LendingTree Study Indicates Subprime ‘Auto Bubble’ Unlikely
March 17, 2015
CHARLOTTE, N.C. — According to a new study from LendingTree, lenders are not necessarily taking part in the risky lending practices that could lead to a bubble as some reports claim, although they are originating a larger number of subprime loans.
The study analyzed the credit scores of subprime auto loan borrowers for loans originated in 2014. LendingTree found that over the one year period ending December 31, 2014, the monthly average of borrower credit scores for loans closed by LendingTree's network of lenders increased by 10 points. The monthly median credit score of those closed by network lenders rose by 12 points.
If industry lenders were taking on substantially higher risk, the data would likely reveal lower credit standards needed for approval, with approved aggregate credit scores declining over time. Instead, LendingTree data shows an upward trend, suggesting lenders are potentially being more selective within the subprime segment.
"Our data does not substantiate the likelihood of an upcoming crisis," stated Rick Finch, general manager of LendingTree Autos. "While the current concern over subprime auto loans that end up defaulting is reminiscent of the mortgage meltdown stemming from mortgage backed securities, the defaults are being monitored and controlled by the lending market. Although auto backed securities increasingly contain subprime loans, loan defaults are not rising at a rate that signal imminent danger."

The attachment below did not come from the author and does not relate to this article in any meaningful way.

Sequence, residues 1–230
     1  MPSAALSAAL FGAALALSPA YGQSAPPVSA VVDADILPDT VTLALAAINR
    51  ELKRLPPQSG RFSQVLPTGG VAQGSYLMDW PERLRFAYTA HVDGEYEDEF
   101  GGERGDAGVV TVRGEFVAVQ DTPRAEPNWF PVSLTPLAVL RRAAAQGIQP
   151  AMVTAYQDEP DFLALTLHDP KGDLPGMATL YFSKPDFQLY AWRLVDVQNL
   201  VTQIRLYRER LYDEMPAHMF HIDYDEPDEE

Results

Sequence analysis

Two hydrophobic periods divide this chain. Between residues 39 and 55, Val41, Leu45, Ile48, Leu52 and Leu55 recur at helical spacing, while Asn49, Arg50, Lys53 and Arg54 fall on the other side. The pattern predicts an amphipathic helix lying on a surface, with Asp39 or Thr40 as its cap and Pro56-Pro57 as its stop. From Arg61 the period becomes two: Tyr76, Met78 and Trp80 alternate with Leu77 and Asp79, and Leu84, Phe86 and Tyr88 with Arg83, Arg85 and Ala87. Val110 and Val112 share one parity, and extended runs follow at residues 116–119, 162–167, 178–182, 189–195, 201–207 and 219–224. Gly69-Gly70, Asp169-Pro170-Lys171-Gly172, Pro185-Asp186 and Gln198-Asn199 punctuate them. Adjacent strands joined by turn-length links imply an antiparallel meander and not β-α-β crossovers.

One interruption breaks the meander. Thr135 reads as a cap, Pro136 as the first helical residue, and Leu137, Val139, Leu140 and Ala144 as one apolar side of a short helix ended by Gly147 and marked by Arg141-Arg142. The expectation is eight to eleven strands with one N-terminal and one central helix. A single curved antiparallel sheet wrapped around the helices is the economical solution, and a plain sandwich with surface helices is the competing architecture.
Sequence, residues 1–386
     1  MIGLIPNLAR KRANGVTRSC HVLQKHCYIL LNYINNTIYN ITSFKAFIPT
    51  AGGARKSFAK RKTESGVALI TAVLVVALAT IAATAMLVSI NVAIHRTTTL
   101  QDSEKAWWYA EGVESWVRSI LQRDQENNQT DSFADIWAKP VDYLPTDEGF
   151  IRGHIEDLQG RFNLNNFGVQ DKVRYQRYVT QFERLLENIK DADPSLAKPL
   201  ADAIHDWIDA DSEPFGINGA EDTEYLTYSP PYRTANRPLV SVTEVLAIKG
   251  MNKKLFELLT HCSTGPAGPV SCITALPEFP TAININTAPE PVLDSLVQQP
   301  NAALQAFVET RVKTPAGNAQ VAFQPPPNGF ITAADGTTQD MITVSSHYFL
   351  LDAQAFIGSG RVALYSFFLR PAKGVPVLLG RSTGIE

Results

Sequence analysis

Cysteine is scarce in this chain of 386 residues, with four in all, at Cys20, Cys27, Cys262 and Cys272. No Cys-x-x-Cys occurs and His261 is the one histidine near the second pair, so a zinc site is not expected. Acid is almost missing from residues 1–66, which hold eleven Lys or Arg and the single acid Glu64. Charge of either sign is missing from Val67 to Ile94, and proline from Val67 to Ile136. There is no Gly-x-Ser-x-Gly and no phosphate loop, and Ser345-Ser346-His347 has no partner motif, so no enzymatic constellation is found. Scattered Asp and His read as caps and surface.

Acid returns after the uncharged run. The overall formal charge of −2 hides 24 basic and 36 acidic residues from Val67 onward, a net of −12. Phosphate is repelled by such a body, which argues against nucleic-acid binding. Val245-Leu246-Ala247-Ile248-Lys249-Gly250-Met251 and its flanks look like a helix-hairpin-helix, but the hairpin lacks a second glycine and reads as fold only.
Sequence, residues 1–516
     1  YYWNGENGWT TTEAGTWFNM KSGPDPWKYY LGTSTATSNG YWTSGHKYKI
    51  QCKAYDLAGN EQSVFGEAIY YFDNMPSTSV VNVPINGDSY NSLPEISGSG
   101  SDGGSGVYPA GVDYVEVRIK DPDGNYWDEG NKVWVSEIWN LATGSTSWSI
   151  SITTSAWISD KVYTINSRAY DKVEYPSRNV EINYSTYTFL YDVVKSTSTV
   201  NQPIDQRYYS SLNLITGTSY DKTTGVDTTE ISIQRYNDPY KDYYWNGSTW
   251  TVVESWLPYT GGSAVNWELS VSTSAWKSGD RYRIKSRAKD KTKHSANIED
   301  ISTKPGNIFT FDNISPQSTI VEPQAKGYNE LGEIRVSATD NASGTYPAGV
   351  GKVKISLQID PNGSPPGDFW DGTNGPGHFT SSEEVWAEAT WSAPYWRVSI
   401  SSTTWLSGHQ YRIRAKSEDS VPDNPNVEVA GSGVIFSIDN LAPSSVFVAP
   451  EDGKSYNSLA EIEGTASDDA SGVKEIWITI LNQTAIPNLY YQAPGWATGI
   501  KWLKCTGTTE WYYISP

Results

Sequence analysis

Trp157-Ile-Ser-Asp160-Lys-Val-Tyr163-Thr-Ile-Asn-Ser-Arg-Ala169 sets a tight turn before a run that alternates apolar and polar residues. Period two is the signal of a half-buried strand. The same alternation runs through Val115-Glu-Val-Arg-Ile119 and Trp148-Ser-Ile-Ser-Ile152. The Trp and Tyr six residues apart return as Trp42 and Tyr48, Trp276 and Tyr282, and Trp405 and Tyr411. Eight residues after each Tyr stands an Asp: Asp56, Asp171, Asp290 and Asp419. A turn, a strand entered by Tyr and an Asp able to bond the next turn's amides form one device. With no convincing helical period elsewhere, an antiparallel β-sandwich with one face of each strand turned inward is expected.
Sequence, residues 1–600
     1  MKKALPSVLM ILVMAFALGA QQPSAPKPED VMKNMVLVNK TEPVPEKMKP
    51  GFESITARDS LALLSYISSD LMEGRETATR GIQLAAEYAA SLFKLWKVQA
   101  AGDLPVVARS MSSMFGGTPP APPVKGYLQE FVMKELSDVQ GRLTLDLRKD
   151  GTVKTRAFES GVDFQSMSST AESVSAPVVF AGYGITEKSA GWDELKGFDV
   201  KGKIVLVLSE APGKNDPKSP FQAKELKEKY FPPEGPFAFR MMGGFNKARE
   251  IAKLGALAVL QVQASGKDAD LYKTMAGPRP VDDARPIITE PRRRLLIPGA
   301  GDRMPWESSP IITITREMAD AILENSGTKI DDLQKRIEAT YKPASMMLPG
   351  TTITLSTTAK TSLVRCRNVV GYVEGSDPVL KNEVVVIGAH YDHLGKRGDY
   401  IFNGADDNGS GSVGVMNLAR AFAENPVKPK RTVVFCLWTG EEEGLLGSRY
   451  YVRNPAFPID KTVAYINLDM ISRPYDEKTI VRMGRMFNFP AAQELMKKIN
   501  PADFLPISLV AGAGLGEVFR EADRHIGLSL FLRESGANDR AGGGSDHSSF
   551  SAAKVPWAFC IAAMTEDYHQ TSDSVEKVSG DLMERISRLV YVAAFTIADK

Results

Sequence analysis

Wells Fargo, one of the largest subprime auto lenders, recently announced it would now place a dollar volume cap on its subprime auto loans, with these originations limited to 10% of the bank's overall auto loan originations, which totaled $29.9 billion last year. This could be a signal of a larger cooling trend within the subprime auto loans segment. Since the financial mortgage crisis, Wells Fargo has developed a positive reputation for risk management, and its current actions could be followed by other major auto loan lenders. This would indicate lenders are aware of the market risk and are taking preventative measures against a bubble.
In another recent release by Equifax, one of the three major consumer credit bureaus, Equifax also refuted the impending subprime auto bubble instead citing borrowers who originated a subprime auto loan had a median consumer credit score increase of 52 points over a three-year time period. Auto lenders have better tools today with more data and technology to assist them in making safer decisions.
"The mentality of someone paying for a car is different than someone paying a mortgage. The inability to afford a mortgage and losing a house results in the consumer looking for more affordable housing in the rental market, or seeking friends or family for help,” Finch said. “Missing car payments affects one's ability to get to work and continue earning a paycheck. People are more likely to make auto payments a priority based on need, and most seek to remedy car financing issues quickly."